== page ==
One Thing to Do About Food: A Forum
Troy Duster and Elizabeth Ransom
Strong preferences for the kinds of food we eat are deeply rooted in the unexamined practices of the families, communities and cultural groups in which we grow up. From more than a half-century of social science research, we know that changing people's habitual behavior--from smoking to alcohol consumption, from drugs to junk food--is a mighty task. Individuals rarely listen to health messages and then change their ways.
If we as a nation are to alter our eating habits so that we make a notable dent in the coming health crisis around the pandemic of childhood obesity and Type II diabetes, it will be the result of long-term planning that will include going into the schools to change the way we learn about food. With less than 2 percent of the US population engaged with agriculture, a whole generation of people has lost valuable knowledge that comes from growing, preserving and preparing one's own food. A recent initiative by the City of Berkeley, California, represents a promising national model to fill this void. The city's Unified School District has approved a school lunch program that is far more than just a project to change what students eat at the noon hour. It is a daring attempt to change the institutional environment in which children learn about food at an early age, a comprehensive approach that has them planting and growing the food in a garden, learning biology through an engaged process, with some then cooking the food that they grow. If all goes well, they will learn about the complex relationship between nutrition and physiology so that it is an integrated experience--not a decontextualized, abstract, rote process.
But this is a major undertaking, and it will need close monitoring and fine-tuning. Rather than assuming that one size fits all in the school, we will need to find out what menu resonates with schools that are embedded within local cultures and climatic conditions--for example, teaching a health-mindful approach to Mexican, Chinese, Italian, Puerto Rican, Caribbean and Midwestern cuisine. Finally, we need to regulate the kinds of food sold in and around the school site--much as we now do with smoking, alcohol and drugs. The transition from agrarian to modern society has created unforeseen health challenges. Adopting an engaged learning approach through agricultural production and consumption will help future generations learn what it means to eat healthy food and live healthy lives.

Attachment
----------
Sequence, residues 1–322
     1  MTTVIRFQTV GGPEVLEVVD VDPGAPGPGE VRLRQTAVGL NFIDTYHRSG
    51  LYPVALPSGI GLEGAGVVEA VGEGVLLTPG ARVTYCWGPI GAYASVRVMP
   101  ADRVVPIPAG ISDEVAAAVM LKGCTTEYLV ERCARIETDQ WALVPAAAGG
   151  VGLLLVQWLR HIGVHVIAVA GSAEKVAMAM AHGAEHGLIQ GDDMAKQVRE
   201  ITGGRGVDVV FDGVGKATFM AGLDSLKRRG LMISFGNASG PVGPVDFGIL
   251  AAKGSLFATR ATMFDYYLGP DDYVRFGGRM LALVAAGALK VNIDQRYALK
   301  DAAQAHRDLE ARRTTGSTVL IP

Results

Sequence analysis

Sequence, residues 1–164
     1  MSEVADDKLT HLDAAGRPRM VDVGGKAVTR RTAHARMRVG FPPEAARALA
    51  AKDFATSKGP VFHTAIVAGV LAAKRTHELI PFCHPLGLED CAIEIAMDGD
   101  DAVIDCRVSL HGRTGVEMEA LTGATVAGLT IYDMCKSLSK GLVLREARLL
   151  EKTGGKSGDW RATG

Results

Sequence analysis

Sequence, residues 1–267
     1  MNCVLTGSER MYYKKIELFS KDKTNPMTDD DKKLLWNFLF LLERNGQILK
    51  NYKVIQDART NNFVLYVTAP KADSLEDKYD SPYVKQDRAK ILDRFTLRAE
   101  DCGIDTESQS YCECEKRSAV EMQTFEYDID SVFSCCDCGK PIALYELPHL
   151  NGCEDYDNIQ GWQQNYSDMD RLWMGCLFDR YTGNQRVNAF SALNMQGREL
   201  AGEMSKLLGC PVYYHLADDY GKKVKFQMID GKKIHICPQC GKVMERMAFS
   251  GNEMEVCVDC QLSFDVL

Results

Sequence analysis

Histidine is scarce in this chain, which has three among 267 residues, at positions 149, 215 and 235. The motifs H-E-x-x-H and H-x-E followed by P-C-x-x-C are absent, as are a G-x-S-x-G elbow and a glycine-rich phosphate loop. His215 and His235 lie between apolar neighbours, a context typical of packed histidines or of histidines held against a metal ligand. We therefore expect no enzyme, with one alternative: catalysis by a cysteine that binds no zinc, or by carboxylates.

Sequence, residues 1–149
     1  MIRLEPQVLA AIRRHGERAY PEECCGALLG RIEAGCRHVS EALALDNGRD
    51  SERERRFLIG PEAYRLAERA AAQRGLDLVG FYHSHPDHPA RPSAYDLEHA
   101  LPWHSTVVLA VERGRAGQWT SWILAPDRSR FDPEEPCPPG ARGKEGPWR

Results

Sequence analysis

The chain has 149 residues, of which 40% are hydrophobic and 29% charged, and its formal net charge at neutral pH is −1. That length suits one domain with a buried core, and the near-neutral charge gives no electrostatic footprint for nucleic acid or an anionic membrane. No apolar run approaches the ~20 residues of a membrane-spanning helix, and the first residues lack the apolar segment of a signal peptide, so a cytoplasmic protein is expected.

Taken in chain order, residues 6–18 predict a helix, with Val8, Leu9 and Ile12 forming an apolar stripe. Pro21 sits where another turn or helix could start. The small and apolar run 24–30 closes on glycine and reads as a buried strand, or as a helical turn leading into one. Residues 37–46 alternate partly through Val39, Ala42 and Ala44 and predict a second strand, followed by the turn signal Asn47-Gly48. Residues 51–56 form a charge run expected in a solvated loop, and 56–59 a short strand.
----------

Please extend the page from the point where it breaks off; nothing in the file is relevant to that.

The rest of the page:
It's Manoominike Giizis, or the Wild Rice Making Moon, here on the White Earth reservation in northern Minnesota. The sound of a canoe moving through the wild rice beds on the Crow Wing or Rice lakes, the sound of laughter, the smell of wood-parched wild rice and the sound of a traditional drum at the celebration for the wild rice harvest links a traditional Anishinaabeg or Ojibwe people to a thousand years of culture and the ecosystem of a lake in a new millennium. This cultural relationship to food--manoomin, or wild rice--represents an essential part of what we need to do to repair the food system: We need to recover relationship.
Wild rice is the only North American grain, and today the Ojibwe are in a pitched battle to keep it from getting genetically engineered and patented. A similar battle is under way in Hawaii between Native Hawaiians and the University of Hawaii, which recently agreed to tear up patents on taro, a food sacred to Native Hawaiians. At one point "agriculture" was about the culture of food. Losing that culture--in favor of an American cultural monocrop, joined with an agricultural monocrop--puts us in a perilous state, threatening sustainability and our relationship to the natural world.
In the Ojibwe struggle to "keep it wild," we have found ourselves in an international movement of Slow Food and food sovereignty activists and communities who are seeking the same--the recovery or sustaining of relationship as a basic element of our humanity and as a critical strategy. In the Wild Rice Making Moon of the North Country, we will continue our traditions, and we will look across our lakes to the rice farmers of the rest of the world, to the taro farmers of the Pacific and to other communities working to protect their seeds for future generations, and we will know that this is how we insure that those generations will have what they need to be human, to be Anishinaabeg.